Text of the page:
Tuesday, March 8, 2011

SAVE Yemen Thoughts on International Women's Day

A member of SAVE Yemen reflects on the unstable situation in the country and remembers the women of Yemen who will not be celebrating International Women's Day this year.

Tomorrow, March 8, women worldwide will celebrate the 100th anniversary of International Women’s Day. These women celebrate women’s successes and all their political, social and economic achievements. This global event is meant to connect all the women around the world and to highlight the inequalities that need redressing.

Yemen is going to celebrate it too and join the global events that will take place on such an occasion. However, this year and particularly at this time, things are different here. Despite all the challenges that it faces, Yemen lives in a historical and critical moment.

The Yemeni people are on alert as the wind of change has swept from Tunisia and Egypt to Yemen. Like other Middle Eastern countries, young people are the fuel of these new revolutions. Protests in Yemen (in Sana’a, Taiz, Aden and other Yemeni cities) become semi-daily and protesters’ camps occupy squares in those main cities. Killing and injuring protesters has darkened Yemeni lives but also pushed them to continue protesting.

In such an atmosphere, there is not much to say about March 8 and the desire to celebrate it becomes even less. In Yemen at present, people have stopped talking about pressing issues like illiteracy, poverty, unemployment or terrorism. The people, old and young, talk about change and how to topple Saleh’s regime. I wanted to collect some voices on the occasion of International Women’s Day, but all they wanted to talk about was “revolution” and “ousting the current regime”. One of my male colleagues ridiculously commented "what about having International MAN Day"!

In fact, I do not remember when Yemen started to celebrate International Women’s Day, but I have attended a number of these celebrations over the past few years. I do still remember last year’s celebration. It was a big conference in which women from all walks of life in Yemen came and participated. A number of papers were presented. Most of the papers were gender-based, addressing issues like inequality in political, social and economic life. I met a number of extraordinary and pioneering Yemeni women. On March 8 2010, I met Jennifer from the German embassy to whom I introduced SAVE Yemen and who then introduced SAVE Yemen to Yemen Gender Network and other activities. Jennifer has just left Yemen but on such an occasion I cannot forget such a wonderful woman, who is not a Yemeni, but she has given a lot of her time and effort to lift up the status of Yemeni women. Such women make us, Yemeni women, feel connected with other women globally.

"This International Women's Day, we should go to any village in Yemen and live one day with those hard-working women, honor them and show them some appreciation."

However, despite the advantages of celebrating the March 8, it saddens me that the majority of disadvantaged Yemeni women are left out. It saddens me that in these events, I just see those few educated and elite women. This is not representative of the majority of Yemeni women.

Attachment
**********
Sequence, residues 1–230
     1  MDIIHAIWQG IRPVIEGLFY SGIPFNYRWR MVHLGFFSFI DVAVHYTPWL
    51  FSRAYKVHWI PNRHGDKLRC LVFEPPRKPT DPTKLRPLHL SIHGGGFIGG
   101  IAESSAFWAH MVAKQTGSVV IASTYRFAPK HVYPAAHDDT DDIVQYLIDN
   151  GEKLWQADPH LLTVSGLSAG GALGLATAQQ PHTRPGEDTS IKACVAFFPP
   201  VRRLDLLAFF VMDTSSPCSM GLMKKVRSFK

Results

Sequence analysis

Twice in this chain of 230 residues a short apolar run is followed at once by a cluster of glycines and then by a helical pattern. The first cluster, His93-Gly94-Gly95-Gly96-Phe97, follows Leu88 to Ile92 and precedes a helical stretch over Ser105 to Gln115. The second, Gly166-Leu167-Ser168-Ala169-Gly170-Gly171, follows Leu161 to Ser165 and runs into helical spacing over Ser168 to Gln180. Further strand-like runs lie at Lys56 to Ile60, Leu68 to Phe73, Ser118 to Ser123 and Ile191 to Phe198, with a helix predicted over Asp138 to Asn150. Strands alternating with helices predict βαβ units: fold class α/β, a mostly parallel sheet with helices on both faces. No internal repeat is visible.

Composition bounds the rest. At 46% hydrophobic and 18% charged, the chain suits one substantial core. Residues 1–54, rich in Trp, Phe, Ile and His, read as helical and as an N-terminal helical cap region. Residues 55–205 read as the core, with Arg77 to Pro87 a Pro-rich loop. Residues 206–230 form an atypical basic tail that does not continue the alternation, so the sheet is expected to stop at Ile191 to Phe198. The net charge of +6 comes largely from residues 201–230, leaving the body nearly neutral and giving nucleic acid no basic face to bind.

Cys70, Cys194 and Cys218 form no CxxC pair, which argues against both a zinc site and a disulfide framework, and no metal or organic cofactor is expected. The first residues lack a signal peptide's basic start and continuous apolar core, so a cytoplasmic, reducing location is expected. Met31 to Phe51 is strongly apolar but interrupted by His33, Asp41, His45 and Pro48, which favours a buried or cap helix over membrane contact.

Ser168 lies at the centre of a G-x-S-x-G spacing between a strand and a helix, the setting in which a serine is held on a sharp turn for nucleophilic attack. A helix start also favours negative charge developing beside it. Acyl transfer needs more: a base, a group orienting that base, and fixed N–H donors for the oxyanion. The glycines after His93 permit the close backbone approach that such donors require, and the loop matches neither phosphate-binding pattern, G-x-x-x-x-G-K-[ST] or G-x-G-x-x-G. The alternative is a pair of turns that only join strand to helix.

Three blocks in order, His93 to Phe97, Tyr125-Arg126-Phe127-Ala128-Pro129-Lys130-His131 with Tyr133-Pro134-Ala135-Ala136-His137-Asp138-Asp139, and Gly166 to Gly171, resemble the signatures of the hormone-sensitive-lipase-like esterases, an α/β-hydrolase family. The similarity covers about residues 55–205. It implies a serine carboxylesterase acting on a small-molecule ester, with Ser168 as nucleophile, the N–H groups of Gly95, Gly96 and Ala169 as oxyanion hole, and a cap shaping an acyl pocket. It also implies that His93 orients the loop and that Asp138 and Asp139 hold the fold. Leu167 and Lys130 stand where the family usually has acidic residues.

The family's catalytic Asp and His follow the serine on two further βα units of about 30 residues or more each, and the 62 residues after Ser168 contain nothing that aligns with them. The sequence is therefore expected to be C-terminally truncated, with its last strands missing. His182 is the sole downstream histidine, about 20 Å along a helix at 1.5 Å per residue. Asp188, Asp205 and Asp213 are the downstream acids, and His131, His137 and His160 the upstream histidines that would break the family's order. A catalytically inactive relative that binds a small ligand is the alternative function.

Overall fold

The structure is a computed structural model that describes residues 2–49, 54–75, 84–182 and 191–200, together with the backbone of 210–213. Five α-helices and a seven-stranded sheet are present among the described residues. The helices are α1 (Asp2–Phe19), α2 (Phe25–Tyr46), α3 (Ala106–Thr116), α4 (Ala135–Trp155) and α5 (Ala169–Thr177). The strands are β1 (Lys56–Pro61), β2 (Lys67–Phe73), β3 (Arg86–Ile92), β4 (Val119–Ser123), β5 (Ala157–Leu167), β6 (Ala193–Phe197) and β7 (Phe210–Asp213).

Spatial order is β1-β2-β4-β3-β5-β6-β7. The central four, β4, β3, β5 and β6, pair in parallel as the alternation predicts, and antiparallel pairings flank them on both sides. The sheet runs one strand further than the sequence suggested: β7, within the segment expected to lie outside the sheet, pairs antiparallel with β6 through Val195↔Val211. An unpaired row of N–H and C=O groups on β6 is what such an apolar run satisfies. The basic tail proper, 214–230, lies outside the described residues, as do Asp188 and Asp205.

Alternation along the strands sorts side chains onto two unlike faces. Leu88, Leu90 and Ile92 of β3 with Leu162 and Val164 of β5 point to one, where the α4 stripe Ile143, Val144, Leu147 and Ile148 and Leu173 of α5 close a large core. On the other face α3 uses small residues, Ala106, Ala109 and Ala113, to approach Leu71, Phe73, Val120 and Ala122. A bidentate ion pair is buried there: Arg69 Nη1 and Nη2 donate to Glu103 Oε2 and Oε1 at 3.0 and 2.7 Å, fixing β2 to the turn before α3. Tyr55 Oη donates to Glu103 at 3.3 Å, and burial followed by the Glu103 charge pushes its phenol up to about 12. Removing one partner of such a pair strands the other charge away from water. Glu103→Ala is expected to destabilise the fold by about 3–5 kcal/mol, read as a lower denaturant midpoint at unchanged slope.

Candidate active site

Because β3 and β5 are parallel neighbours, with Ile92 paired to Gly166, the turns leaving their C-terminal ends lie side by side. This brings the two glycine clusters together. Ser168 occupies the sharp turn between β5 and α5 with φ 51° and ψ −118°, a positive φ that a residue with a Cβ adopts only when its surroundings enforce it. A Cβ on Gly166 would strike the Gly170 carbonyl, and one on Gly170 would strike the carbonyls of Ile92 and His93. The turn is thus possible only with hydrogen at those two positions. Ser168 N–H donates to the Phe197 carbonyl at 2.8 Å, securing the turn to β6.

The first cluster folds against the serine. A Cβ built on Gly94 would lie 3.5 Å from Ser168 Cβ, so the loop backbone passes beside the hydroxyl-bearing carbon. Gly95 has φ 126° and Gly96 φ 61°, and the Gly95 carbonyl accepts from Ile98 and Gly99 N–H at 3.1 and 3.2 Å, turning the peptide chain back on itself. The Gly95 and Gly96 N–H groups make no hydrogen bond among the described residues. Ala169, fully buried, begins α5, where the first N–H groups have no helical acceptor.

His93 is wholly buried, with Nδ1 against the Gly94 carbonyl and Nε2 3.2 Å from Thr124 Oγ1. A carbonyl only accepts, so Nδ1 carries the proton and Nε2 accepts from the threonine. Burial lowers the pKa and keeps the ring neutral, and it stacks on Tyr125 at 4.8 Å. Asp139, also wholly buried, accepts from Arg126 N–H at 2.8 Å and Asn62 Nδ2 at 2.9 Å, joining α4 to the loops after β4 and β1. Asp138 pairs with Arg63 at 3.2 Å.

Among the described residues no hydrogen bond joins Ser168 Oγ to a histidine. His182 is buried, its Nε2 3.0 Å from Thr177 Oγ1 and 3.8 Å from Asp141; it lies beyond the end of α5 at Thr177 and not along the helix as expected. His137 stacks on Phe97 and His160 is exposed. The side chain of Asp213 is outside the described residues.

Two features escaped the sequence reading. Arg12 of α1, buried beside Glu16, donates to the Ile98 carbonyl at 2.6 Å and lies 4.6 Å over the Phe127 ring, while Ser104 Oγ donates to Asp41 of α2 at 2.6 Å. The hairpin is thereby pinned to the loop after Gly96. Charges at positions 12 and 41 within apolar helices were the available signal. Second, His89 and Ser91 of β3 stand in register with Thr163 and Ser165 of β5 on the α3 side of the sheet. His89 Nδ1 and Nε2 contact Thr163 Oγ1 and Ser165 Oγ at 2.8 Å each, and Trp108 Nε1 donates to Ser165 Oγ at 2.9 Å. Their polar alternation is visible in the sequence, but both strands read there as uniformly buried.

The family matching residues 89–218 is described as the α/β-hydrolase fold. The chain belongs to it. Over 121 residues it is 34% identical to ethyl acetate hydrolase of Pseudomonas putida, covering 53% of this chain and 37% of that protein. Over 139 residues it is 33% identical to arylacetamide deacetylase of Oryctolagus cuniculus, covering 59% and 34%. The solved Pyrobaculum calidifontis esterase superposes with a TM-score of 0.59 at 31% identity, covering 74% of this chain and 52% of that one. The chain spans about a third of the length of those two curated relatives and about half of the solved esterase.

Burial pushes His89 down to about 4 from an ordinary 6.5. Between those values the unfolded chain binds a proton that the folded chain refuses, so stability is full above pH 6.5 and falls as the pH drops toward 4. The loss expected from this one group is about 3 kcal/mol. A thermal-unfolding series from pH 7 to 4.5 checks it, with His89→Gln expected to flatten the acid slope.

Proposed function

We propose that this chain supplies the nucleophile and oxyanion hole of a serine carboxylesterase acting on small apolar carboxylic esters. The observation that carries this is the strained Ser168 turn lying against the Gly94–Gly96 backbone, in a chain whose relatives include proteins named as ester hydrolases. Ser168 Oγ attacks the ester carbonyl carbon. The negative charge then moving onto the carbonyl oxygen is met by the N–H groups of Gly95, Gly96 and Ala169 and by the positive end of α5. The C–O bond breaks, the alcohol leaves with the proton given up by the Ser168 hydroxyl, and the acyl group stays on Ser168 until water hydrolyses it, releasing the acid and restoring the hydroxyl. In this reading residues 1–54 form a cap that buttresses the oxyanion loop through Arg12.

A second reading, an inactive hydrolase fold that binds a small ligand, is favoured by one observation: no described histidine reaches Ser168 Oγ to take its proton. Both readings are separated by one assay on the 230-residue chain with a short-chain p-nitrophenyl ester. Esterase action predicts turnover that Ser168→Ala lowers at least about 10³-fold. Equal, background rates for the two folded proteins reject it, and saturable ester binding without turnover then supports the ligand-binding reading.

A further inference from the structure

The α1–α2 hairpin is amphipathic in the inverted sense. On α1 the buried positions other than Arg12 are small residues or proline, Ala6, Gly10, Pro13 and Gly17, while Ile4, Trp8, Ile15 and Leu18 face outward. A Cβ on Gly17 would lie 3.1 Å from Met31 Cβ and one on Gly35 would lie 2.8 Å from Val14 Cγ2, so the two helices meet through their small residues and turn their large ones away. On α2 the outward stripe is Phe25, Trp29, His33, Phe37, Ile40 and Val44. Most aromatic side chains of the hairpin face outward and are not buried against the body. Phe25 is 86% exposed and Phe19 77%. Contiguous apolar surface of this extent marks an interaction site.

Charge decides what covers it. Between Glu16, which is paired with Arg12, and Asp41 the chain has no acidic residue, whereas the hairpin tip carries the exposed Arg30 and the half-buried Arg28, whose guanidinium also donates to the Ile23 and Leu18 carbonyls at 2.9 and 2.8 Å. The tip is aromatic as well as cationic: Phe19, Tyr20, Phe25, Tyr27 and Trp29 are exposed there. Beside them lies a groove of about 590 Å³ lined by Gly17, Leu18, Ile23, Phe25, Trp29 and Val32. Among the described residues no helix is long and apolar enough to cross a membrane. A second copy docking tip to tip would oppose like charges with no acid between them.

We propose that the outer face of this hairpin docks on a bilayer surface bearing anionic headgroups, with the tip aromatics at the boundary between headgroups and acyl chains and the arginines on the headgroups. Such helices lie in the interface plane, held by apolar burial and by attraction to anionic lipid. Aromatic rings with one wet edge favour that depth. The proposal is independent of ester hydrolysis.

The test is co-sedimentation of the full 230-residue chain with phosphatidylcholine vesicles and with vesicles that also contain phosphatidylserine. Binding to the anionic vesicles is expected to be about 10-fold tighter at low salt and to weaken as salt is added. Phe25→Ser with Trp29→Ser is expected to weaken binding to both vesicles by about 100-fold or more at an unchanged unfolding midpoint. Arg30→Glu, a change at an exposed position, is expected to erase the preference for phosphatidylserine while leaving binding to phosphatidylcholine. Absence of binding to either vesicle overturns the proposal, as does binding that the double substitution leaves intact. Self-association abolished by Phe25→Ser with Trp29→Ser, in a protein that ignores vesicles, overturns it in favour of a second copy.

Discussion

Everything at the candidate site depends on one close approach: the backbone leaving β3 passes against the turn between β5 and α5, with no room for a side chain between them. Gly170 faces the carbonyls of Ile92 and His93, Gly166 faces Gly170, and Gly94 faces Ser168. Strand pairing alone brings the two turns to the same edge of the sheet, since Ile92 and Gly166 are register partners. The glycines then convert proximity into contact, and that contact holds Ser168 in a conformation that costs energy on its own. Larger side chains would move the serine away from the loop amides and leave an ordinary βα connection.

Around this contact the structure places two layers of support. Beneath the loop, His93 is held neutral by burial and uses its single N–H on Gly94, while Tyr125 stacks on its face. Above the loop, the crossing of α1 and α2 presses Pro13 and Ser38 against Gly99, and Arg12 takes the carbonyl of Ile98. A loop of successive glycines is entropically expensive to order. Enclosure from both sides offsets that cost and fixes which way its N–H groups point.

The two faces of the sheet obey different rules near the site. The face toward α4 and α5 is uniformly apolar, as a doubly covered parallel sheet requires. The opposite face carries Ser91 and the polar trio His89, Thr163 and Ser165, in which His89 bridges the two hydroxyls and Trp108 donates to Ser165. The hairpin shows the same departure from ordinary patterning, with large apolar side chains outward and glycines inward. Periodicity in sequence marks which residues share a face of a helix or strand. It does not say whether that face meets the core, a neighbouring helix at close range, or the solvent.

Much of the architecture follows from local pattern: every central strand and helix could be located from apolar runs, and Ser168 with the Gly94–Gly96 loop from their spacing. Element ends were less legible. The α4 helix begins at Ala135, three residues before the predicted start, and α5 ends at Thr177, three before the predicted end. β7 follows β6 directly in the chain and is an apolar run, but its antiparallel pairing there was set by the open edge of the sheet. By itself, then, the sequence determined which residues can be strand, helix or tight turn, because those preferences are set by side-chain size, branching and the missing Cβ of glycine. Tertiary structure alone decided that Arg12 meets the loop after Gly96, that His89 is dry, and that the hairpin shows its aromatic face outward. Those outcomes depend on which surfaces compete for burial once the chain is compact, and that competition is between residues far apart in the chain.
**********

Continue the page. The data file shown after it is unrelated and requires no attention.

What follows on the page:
In Yemen the majority of women are illiterate and live in rural areas where they are less connected with media and information sources. Those women won't celebrate the March 8. They have simply never heard about this day, so it is meaningless to them. Actually many Yemeni women would be surprised to know that some countries observe the March 8 as a national holiday.

I feel deeply sad, not because of the meaninglessness of March 8 for most of Yemeni women, but for the hardships they still live in. These women are vulnerable because they are deprived of proper education, of access to health services, of economic independence, and of political and social empowerment.

I was talking to one of my friends who happened to be in Abyan (a Southern Yemeni governorate) where she met local women. Those who follow Yemeni news will know Abyan as a place where a number of terrorist incidents took place. I was really shocked to hear from her how the illiteracy of those women was exploited. The women were providing the terrorists with food and shelters without knowing their bad intentions. The women were simply told that they were guests, and as such they had to give them hospitality (hospitality to the guest is a must and a feature of Yemeni culture. It would be an insult if a guest received no hospitality). Those women live with guilt after knowing they hosted the killers and attackers. "I cannot believe I have indirectly taken part in killing innocent people. I will live with this guilt forever. We are simple illiterate women; we do not know how to differentiate between the terrorist and the innocent. We do not have a clue and nobody has advised us," one of those women explained.

Looking at such a tragic story, it re-enforces the importance of working with mothers. A global initiative that SAVE began last year under the Mothers for Change! campaign calls for counter-terrorism initiatives to work closely with mothers.

Finally, apart from holding conferences, workshops and similar events on International Women’s Day, I wish to celebrate it differently and do something concrete for women who are in need of support and empowerment. For example, if we could just go to any village in Yemen and live one day with those hard-working women, honor them and show them some appreciation.

I just wish on the day of 8th of March that we could connect the Yemeni women with their sisters around the globe - every Yemeni woman would wait for such a day impatiently. Will this day come?

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